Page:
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Land Deals in Africa: Pioneers and Speculators

  • Collier Paul

    (University of Oxford)

  • Venables Anthony J.

    (University of Oxford)

Much African land currently has low productivity and has attracted investors leasing land as a speculative option on higher future prices or productivity. To be beneficial land deals need to induce productivity enhancing investments. Some of these will be publicly provided (infrastructure, agronomic knowledge), and some can only be provided by ‘pioneer’ investors who discover what works and create demonstration effects. Such pioneers can be rewarded for the positive externalities they create by being granted options on large areas of land. However, pioneers must be separated from speculators by screening and by requirements to work a fraction of the land.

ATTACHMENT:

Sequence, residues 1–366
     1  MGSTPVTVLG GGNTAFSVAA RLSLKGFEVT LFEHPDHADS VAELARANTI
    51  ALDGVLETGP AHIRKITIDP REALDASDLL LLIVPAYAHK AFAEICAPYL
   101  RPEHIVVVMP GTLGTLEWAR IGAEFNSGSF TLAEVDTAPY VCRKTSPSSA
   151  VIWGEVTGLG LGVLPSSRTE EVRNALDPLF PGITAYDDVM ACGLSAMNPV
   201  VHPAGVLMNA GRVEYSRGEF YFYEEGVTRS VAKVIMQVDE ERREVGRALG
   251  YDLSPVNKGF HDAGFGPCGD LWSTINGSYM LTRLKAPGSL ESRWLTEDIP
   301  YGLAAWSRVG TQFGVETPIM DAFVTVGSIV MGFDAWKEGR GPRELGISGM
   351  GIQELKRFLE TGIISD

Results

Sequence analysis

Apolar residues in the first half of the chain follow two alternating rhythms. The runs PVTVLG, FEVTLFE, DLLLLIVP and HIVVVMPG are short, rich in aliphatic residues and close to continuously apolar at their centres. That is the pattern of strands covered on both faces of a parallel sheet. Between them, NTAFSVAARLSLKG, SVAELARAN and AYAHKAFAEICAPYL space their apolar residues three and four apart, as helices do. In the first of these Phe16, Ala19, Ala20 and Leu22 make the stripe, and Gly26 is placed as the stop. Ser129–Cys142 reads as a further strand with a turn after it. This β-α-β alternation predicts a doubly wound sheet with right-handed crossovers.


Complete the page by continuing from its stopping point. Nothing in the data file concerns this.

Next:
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Article provided by De Gruyter in its journal Journal of Globalization and Development.

Volume (Year): 3 (2012)
Issue (Month): 1 (June)
Pages: 1-22

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Handle: RePEc:bpj:globdv:v:3:y:2012:i:1:n:3
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  1. Grenadier, Steven R., 1995. "Valuing lease contracts A real-options approach," Journal of Financial Economics, Elsevier, vol. 38(3), pages 297-331, July.
  2. Avinash Dixit, 1992. "Investment and Hysteresis," Journal of Economic Perspectives, American Economic Association, vol. 6(1), pages 107-132, Winter.
  3. Besley, Timothy, 1995. "Property Rights and Investment Incentives: Theory and Evidence from Ghana," Journal of Political Economy, University of Chicago Press, vol. 103(5), pages 903-37, October.
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